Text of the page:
Allergic reactions include the following: bronchospasm, hypotension, laryngeal edema, local erythema or swelling, systemic rash, and urticaria.
Among 58 Ai Yang®-treated patients enrolled in Study 1, clinical allergic reactions were reported in 2 patients (3%). One patient experienced a grade 1 allergic reaction and the other grade 3 hives; both occurred during the first delayed intensification phase of the study (see Table 2).
Previously Treated ALL
Among 62 patients with relapsed ALL and prior hypersensitivity reactions to asparaginase, 35 patients (56%) had a history of clinical allergic reactions to native Escherichia (E.) coli L-asparaginase, and 27 patients (44%) had a history of clinical allergic reactions to both native E. coli and native Erwinia L-asparaginase. Twenty (32%) of these 62 patients experienced clinical allergic reactions to Ai Yang® (see Table 2).
Among 112 patients with relapsed ALL with no prior hypersensitivity reactions to asparaginase, 11 patients (10%) experienced clinical allergic reactions to Ai Yang® (see Table 2).
TABLE 2 : INCIDENCE OF CLINICAL ALLERGIC REACTIONS, OVERALL AND BY SEVERITY GRADE
|Patient Status||Toxicity Grade, n (%)||Total|
|Previously Hypersensitive Patients (n=62)||7 (11)||8 (13)||4 (6)||1 (2)||20 (32)|
|Non-Hypersensitive Patients (n=112)||5 (4)||4 (4)||1 (1)||1 (1)||11 (10)|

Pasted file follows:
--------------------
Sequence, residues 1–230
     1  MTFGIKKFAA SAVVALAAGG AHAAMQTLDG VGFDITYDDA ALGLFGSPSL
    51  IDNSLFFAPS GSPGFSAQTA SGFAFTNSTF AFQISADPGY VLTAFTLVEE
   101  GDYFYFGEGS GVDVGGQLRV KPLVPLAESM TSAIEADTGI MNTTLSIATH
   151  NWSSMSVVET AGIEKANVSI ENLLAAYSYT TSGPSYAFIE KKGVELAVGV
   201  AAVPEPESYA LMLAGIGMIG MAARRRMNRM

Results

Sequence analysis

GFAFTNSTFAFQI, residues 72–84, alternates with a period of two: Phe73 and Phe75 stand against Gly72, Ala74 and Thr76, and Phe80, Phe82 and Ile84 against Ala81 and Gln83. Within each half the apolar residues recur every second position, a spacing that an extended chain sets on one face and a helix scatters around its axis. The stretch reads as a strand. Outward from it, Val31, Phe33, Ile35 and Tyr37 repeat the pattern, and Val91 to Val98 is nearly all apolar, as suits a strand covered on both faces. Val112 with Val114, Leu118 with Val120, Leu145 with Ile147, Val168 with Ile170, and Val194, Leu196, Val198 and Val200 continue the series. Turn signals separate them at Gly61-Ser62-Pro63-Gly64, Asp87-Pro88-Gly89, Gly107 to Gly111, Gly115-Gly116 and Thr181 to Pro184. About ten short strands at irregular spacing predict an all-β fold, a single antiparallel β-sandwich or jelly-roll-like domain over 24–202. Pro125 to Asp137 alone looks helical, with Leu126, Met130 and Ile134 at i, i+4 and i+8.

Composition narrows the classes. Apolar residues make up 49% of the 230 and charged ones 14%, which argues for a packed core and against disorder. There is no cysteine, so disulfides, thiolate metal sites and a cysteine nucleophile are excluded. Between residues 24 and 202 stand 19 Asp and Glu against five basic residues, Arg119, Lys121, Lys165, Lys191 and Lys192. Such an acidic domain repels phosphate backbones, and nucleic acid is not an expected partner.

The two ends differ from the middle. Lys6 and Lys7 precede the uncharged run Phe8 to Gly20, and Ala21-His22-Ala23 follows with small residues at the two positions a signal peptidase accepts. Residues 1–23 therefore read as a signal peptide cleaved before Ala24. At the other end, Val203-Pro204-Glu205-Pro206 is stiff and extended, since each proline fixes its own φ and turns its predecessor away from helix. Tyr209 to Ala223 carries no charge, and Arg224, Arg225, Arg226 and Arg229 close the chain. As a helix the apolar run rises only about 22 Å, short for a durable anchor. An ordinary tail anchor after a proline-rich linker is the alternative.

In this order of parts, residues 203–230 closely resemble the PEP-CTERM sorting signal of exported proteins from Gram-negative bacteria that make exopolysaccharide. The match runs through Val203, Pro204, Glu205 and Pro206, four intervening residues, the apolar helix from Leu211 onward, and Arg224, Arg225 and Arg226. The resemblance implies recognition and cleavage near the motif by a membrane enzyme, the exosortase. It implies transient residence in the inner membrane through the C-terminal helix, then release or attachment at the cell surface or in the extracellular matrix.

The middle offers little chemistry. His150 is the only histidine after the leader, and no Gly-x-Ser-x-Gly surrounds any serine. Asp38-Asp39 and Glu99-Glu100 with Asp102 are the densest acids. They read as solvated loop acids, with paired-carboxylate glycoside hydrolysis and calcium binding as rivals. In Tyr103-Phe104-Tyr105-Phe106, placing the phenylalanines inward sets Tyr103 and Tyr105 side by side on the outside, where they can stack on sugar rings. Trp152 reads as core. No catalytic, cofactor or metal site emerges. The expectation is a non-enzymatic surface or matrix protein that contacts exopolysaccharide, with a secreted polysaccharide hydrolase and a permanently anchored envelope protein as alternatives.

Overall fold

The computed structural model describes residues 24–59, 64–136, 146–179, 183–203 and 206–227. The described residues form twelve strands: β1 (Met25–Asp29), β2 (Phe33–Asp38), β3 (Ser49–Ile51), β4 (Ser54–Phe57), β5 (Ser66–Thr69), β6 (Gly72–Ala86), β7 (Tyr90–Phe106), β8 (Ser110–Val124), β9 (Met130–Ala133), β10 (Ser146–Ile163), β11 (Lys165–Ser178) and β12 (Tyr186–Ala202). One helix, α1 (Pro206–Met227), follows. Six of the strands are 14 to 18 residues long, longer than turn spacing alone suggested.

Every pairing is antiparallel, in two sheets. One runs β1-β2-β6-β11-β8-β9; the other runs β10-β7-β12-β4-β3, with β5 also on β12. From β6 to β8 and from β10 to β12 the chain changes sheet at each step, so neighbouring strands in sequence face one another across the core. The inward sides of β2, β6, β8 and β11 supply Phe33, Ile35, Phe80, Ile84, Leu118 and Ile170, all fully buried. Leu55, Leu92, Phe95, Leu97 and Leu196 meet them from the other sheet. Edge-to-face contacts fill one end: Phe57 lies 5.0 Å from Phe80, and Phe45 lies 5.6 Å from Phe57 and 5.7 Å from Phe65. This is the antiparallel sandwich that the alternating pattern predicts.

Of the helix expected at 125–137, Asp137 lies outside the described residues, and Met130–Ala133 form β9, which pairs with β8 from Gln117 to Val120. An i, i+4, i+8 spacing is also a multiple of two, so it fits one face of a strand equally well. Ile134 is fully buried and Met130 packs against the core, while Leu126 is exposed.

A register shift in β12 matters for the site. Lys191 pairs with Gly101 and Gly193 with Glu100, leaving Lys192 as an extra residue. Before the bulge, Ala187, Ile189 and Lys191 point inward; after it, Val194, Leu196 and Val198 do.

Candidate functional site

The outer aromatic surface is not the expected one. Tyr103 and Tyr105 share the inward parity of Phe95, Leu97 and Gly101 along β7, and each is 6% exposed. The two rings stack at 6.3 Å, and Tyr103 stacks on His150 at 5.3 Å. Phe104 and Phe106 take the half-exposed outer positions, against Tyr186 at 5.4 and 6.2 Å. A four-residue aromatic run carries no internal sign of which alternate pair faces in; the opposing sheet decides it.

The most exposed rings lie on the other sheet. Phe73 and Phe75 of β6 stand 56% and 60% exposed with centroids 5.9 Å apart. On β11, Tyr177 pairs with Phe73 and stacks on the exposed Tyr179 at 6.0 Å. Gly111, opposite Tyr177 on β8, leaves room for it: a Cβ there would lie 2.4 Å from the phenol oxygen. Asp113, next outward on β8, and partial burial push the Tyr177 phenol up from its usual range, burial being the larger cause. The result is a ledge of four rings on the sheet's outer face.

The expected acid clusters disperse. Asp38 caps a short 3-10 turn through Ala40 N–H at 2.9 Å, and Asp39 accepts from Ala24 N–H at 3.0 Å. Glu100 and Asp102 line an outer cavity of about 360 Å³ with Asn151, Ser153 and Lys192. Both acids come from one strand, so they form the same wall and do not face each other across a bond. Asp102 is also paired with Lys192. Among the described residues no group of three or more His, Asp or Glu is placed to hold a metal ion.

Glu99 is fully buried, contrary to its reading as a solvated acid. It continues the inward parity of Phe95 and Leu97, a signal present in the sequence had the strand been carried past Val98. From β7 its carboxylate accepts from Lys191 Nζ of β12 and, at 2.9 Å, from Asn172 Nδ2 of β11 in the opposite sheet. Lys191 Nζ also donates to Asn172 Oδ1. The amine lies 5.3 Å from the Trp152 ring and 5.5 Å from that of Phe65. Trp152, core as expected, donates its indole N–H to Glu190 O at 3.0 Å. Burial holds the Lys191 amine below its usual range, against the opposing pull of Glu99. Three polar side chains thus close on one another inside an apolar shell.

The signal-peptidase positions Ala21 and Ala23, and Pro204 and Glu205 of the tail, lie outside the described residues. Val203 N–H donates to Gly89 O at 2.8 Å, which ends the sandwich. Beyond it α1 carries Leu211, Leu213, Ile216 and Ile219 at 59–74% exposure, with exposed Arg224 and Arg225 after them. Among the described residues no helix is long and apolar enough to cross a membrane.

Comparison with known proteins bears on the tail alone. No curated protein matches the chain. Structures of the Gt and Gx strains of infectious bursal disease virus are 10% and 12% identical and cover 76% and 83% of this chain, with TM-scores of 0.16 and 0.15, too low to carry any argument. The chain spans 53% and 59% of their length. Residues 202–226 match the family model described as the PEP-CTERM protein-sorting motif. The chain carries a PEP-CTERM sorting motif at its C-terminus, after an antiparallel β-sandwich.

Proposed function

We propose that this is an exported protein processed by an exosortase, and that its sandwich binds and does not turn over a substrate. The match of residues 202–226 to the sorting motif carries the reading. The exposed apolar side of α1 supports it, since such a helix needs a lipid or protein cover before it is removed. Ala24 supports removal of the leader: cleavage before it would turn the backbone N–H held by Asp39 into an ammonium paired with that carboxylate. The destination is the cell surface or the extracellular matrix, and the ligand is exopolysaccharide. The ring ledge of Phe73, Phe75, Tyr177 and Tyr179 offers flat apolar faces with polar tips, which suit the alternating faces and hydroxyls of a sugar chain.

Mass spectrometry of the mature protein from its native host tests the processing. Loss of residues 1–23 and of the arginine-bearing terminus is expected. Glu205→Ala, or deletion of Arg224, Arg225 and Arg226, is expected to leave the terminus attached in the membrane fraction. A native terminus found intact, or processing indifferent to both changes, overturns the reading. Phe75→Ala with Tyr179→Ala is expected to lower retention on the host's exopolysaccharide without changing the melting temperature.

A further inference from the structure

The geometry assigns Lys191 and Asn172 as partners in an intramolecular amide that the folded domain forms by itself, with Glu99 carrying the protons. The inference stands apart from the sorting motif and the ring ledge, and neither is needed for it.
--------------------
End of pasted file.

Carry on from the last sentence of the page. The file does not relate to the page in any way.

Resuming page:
|First Line (n=58)||1 (2)||0||1 (2)||0||2 (3)|
As with all therapeutic proteins, there is a potential for immunogenicity, defined as development of binding and/or neutralizing antibodies to the product.
In Study 1, Ai Yang®-treated patients were assessed for evidence of binding antibodies using an enzyme-linked immunosorbent assay (ELISA) method. The incidence of protocol-specified “high-titer” antibody formation was 2% in Induction (n=48), 10% in Delayed Intensification 1 (n=50), and 11% in Delayed Intensification 2 (n=44). There is insufficient information to determine whether the development of antibodies is associated with an increased risk of clinical allergic reactions, altered pharmacokinetics, or loss of anti-leukemic efficacy.
The detection of antibody formation is highly dependent on the sensitivity and specificity of the assay, and the observed incidence of antibody positivity in an assay may be influenced by several factors including sample handling, concomitant medications, and underlying disease. Therefore, comparison of the incidence of antibodies to Ai Yang® with the incidence of antibodies to other products may be misleading.